The Budget, 21 March 2012: Views from around the North East

The Budget for 2012 has been set; see the link below for George Osborne’s key points.

Here, some North East business leaders give their thoughts post-budget, in relation to their industry. What did you think? How will the budget affect you? Share your thoughts by commenting below.

Sarat Pediredla is MD of mobile marketing agency hedgehog lab based in Newcastle upon Tyne.

“The Chancellor’s 2012 budget is a bit of a mixed bag for me. On a professional level, I think the budget is a letdown to many small and medium businesses in the digital sector that are in the growth phase. It’s great that Corporation tax is to be cut by 1%, which does provide a clear benefit but the budget does not go far enough to address rapidly growing businesses.

“One of the key pain points of businesses like ours is wage costs and job creation. I see nothing in this budget that helps with that. The simplified tax system is only applicable for what I would call “micro”-businesses with £77,000 or less turnover and this doesn’t really help businesses in our position.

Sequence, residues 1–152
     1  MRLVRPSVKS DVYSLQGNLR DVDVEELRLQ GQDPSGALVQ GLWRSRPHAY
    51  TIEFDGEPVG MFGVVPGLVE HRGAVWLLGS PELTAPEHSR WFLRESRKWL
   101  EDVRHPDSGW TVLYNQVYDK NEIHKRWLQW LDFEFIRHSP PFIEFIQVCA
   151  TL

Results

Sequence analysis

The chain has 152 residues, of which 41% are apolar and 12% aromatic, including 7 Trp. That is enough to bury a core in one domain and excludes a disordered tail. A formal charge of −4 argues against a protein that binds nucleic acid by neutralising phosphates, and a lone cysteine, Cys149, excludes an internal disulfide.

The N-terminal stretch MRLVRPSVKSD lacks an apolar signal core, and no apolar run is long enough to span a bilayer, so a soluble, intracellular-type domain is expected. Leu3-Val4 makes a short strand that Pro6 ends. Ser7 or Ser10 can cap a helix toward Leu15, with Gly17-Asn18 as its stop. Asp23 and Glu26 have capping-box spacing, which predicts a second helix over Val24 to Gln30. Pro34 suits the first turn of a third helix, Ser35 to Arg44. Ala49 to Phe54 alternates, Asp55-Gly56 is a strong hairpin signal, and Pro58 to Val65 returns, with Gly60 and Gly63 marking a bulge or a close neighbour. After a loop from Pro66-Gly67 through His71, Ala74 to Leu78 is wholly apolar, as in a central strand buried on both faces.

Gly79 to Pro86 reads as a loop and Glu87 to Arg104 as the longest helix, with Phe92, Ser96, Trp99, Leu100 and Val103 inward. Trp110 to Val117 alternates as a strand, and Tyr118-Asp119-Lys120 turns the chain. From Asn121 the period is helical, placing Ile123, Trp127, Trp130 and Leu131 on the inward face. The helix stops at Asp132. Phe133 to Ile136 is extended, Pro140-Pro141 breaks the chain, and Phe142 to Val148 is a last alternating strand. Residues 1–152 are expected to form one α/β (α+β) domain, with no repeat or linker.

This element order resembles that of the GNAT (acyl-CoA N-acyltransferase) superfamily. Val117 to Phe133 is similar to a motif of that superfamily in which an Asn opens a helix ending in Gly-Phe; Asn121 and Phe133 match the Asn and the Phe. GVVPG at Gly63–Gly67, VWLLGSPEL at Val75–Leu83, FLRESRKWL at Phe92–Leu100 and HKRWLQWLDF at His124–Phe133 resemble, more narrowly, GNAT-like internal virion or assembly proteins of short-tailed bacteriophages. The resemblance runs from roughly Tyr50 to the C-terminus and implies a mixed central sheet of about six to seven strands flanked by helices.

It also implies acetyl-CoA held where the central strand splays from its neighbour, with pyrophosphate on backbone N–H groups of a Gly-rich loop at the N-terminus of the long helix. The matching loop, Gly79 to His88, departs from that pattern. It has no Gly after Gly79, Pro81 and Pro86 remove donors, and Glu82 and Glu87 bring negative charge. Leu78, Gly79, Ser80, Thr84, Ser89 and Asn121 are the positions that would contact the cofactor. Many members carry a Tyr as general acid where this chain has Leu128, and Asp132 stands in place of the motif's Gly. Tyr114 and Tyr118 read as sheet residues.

“The budget also includes a tax relief for specific industries like games & animation. While I support this move completely, I would have liked to see this applied to the broader digital sector, especially with businesses under 100 employees.

“The only silver lining at this moment, if it works, is the renewed pressure on banks to lend more to small businesses which might go some way to cover the risk of growth but isn’t a genuine “benefit” in the line of tax cuts or grants.”